India’s GIFT City Set to Introduce Regulated Asset Tokenization in 2024

By Sunil Sonkar
2 Min Read
India's GIFT City Set to Introduce Regulated Asset Tokenization in 2024

GIFT City in Gujarat is gearing up to make a splash in the financial world by introducing a regulated platform for tokenizing real-world assets (RWA) in January 2024.

First, they are focusing on turning real estate into tokens. Later, they want to do the same with art, aircraft and ships. The goal is to bring in more investors from other countries to support projects in GIFT City.

Real asset company Collated is leading the way in something really new. They made a tech thing called Terazo using blockchain and it works inside GIFT City. They are creating a place where you can buy and sell tokenized stuff using the Polygon blockchain. They are also using GIFT City’s special fund to organize the money part.

In collaboration with Indian construction firm Savvy Group, Collated is set to kickoff its first real estate tokenization project and aims to raise $7 million for a building within the Gift City Special Economic Zone (SEZ). While the venture is not fully open to retail investors, the entry criteria are relatively more accessible, requiring approval from eligible investee countries and a minimum net worth of $150,000.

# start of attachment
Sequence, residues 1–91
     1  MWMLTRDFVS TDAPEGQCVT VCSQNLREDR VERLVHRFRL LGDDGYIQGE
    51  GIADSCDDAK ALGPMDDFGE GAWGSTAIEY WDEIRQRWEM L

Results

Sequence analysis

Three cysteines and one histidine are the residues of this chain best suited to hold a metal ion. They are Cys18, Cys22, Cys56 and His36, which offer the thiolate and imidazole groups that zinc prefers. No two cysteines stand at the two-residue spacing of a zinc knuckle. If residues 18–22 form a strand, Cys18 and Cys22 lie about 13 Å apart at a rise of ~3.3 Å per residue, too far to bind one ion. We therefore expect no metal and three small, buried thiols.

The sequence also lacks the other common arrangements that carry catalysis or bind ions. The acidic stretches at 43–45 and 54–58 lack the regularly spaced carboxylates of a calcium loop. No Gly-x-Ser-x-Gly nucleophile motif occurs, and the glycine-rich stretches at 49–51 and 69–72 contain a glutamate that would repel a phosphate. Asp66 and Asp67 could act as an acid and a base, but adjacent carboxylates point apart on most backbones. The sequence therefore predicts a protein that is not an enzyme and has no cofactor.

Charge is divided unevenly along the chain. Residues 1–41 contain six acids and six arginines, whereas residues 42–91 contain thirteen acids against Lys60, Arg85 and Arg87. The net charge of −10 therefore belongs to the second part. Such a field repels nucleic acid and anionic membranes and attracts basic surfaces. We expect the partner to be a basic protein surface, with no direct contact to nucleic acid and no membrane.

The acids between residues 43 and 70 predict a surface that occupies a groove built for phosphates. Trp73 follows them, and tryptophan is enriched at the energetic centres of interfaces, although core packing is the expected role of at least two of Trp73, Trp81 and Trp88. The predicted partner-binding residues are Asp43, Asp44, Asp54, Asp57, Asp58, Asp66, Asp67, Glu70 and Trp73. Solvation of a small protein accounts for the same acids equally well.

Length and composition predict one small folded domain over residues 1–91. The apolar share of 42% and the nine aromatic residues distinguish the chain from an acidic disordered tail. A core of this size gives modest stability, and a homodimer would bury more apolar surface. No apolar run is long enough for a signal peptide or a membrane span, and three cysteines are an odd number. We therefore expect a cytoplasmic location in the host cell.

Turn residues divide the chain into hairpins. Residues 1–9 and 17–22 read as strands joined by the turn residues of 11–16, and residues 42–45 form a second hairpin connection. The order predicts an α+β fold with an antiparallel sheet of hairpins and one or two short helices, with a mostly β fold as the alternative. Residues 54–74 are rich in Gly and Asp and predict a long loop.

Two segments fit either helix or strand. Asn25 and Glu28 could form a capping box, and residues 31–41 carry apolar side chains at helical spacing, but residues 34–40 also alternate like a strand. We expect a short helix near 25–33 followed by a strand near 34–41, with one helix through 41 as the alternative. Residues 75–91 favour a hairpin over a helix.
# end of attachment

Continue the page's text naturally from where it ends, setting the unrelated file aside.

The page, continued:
Shaan Zaveri, an important person at Terazo and Collated, said this is a big deal. He mentioned that although other Indian cities are also using tokens, they are not following many rules. Zaveri talked about how it is hard for foreign investors to join in and that we need more money moving around easily.

Notably, GIFT City is not only venturing into real estate tokenization but is also piloting tokenized cash. JPMorgan is playing a role in this aspect, providing the tokenization solution through its Onyx JPM Coin blockchain-based bank accounts. The tokenized U.S. dollars are being used by five GIFT City banks to settle Rupee forex derivative contracts, allowing for 24/7 dollar transactions, a significant improvement over the limitations of U.S. banking hours.

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